Caught between the holidays

Yesterday was Veteran’s Day proper, so we decided to hang the flag out in remembrance. My husband went downstairs to retrieve it, took the kids outside to put it up, as I kept reading and drinking my coffee.

After a bit, I realized that he had been gone a while. A long while. So I ventured downstairs to see what was going on.  This is what I saw:

Boxes of Christmas decorations

Christmas decorations pulled from storage

And on the piano in the foyer:

Snowflake lights

When I finally tracked him to the roof, he called down that it was probably the last warmish day this year and that he wanted to at least get the Christmas lights up along the rooftop before it was covered with snow and ice.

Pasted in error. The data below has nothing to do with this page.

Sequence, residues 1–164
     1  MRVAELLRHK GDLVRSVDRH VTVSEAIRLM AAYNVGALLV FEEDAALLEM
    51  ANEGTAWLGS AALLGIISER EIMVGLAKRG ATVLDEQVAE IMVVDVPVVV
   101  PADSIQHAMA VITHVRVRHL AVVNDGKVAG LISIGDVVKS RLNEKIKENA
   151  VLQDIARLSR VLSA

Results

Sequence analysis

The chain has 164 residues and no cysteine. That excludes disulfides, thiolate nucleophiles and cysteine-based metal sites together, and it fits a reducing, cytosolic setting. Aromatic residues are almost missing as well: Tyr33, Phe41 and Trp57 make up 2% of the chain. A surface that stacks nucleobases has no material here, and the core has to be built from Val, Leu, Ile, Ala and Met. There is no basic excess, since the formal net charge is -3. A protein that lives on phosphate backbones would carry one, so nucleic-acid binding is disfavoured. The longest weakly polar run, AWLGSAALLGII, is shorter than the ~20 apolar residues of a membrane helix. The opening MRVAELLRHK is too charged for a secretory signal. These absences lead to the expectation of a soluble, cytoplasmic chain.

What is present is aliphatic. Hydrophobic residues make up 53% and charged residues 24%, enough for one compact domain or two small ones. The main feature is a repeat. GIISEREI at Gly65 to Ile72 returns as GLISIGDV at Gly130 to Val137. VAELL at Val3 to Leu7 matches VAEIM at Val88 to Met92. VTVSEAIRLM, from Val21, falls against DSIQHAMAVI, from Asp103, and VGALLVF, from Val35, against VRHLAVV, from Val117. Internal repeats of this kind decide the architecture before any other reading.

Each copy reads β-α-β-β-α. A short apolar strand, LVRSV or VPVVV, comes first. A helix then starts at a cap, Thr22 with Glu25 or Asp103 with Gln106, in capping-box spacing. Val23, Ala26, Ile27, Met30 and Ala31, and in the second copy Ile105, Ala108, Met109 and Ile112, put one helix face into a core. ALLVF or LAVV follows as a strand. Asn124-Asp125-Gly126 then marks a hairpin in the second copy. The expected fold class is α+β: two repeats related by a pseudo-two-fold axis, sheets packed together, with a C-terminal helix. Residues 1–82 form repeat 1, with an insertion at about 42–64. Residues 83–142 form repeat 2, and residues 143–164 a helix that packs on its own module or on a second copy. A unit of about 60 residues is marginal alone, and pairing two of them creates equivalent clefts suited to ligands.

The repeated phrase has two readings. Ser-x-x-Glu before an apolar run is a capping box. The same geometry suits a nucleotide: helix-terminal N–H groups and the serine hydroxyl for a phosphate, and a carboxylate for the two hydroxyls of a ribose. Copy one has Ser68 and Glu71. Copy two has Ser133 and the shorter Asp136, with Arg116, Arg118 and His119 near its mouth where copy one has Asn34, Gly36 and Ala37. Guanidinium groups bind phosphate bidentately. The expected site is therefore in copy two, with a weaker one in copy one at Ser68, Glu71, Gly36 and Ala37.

S… up on the roof

“We’re not turning them on; we’re just putting them up,” he reasoned with me. “After all, Thanksgiving is less than two weeks away.”

I’m torn about this. Of course it makes sense to get on the roof on a warm, clear (albeit windy) day to decorate for Christmas. It’s easier to bend the wire and press the clips into the roofline — not to mention safer — than when it’s a raw and blustery 20 degrees outside.  But it’s not even Thanksgiving yet — how can we possibly start decorating for Christmas?

I keep lamenting the fact that Thanksgiving in the U.S. doesn’t get its “propers.” Sandwiched between Halloween and Christmas, it feels more like a transitional holiday — a day to carbo-load for the hectic race through the December parties and to-do lists. I’m appalled that “Black Friday” shopping starts on Thursday — a holiday, for crying out loud. Shouldn’t we be more thankful for all we have? Aren’t we overlooking the significance of that?